- The Washington Times - Tuesday, October 31, 2006

He’s the District’s “other” Tony Williams. The one without the bow tie. The one who is not the mayor. The one who is a, um, Republican.

Antonio “Tony” Williams has heard the jokes: the cracks about being a D.C. Republican and the observations that he shares a surname with the mayor.

“I get tons of jokes,” says Mr. Williams, who is running for the Ward 6 seat on the D.C. Council. “Like ‘Oh, you’re the other Tony Williams,’ or ‘Oh, what’s up, Mr. Mayor?’ ”

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Mr. Williams’ aspirations are no joke, even in a city where Democrats outnumber Republicans 9-to-1.

At 26, the D.C. native has launched an ambitious campaign, and his candidacy is seen as part of the foundation for revitalizing the Republican Party in the District.

“I went into it thinking that this is a longer-term project in terms of building the party, in terms of letting people know … that there’s a different voice and that there’s a different option,” he says. “It’s been too long that we’ve just voted party ticket and gotten nothing for it.”

The son of two Democrats — his mother, Delise, is a social worker and his father, Juan, is a political commentator for the Fox News Channel — Mr. Williams registered as a Republican after watching what he calls “the death of the African-American middle class” occur under D.C. Democrats.

His social ideals are strictly Republican, favoring small-business incentives, cutting commercial property taxes and promoting a government that encourages upward mobility and personal responsibility.

But Mr. Williams also points out that a D.C. Republican often withers in the shadow of the national party: The moral issues that congressional candidates stump on aren’t the most pressing problems facing the District.

“I talk to Democrats, and they’re like, ‘I’ll never vote for a Republican …’ ” he says. “Unfortunately, local politicians are often overshadowed by national politics here in D.C., and people don’t take the time to really investigate and look beyond the party.”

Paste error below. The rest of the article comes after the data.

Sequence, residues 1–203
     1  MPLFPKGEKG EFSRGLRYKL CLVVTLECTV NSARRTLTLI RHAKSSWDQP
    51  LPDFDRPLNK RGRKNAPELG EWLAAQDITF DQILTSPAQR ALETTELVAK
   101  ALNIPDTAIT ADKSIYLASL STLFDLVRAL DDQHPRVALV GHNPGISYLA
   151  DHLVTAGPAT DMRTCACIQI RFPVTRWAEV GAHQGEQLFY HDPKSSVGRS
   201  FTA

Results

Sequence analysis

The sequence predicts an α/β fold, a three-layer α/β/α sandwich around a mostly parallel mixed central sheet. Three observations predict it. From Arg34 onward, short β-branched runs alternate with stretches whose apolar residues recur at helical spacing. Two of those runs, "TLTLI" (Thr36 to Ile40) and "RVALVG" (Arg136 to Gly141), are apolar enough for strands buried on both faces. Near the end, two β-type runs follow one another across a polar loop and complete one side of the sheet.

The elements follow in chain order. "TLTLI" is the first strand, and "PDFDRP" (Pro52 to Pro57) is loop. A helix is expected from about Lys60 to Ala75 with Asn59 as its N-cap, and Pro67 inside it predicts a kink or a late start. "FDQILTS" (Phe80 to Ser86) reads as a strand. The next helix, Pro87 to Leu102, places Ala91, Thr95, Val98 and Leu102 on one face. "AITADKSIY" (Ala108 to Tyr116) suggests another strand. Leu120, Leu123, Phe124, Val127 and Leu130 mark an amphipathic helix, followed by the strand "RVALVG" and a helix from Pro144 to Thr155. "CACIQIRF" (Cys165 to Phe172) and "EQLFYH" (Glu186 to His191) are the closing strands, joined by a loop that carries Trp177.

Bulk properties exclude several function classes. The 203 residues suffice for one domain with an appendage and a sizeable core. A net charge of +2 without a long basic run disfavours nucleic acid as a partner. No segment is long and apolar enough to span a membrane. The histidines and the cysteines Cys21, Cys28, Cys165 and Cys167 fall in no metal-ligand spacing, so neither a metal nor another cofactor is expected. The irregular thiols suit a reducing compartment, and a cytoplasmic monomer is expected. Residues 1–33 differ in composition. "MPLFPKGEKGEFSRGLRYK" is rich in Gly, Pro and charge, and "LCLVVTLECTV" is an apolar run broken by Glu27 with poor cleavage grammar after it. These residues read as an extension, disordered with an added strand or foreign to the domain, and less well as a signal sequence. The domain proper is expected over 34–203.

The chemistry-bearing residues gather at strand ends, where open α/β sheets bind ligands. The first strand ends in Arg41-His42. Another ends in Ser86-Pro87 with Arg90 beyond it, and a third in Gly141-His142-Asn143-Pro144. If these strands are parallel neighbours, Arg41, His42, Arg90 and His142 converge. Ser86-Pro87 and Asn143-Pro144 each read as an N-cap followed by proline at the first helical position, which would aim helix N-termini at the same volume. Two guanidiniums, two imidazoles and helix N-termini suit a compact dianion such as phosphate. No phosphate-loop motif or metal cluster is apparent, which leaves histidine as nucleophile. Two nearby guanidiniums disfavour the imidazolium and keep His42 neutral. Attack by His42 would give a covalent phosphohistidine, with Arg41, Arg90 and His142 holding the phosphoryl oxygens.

It is an opportunistic blend of applying Republican principles in an urban setting like the District that makes Mr. Williams the new hope for the city’s Republican Party.

He is the fresh face — a black Republican in a city that the U.S. Census Bureau says is 57.7 percent black — of a party base once founded upon at-large council members Carol Schwartz and David A. Catania. Mr. Catania switched from Republican to independent because of the national party’s stance against same-sex “marriage.”

Now, Republicans in the District are holding out hope they can secure a more prestigious ward seat on the council with Mr. Williams or Theresa Conroy, 54, who is running in Ward 3.

The party also has endorsed mayoral candidate David Kranich, a 34-year-old real estate agent, and 25-year-old Marcus W. Skelton for an at-large council seat.

“We have been reaching out over the last year or two to recruit younger, talented Republicans like Tony who are willing to step up and run for office on the Republican ticket,” says Robert Kabel, chairman of the D.C. Republican Committee. “In a way, it’s a generational shift.”

In Ward 6, Mr. Williams says crime and development are the two most pressing issues, along with the struggling school system.

He would favor equity involvement in development for local businesses and proposes a mandate that 80 percent of the school system’s budget be spent in the classroom.

Mr. Williams has raised more than $30,000, according to recent campaign-finance reports. His slim hopes of winning hinge largely on whether Will Cobb, an independent candidate, can take enough votes away from Democratic front-runner and former school board member Tommy Wells.

Still, in Mr. Williams’ mind, the Ward 6 race is the first leg of a marathon to give credibility to D.C. Republicans. “We shouldn’t be afraid to differentiate ourselves,” he said, “and to do it with a loud voice.”

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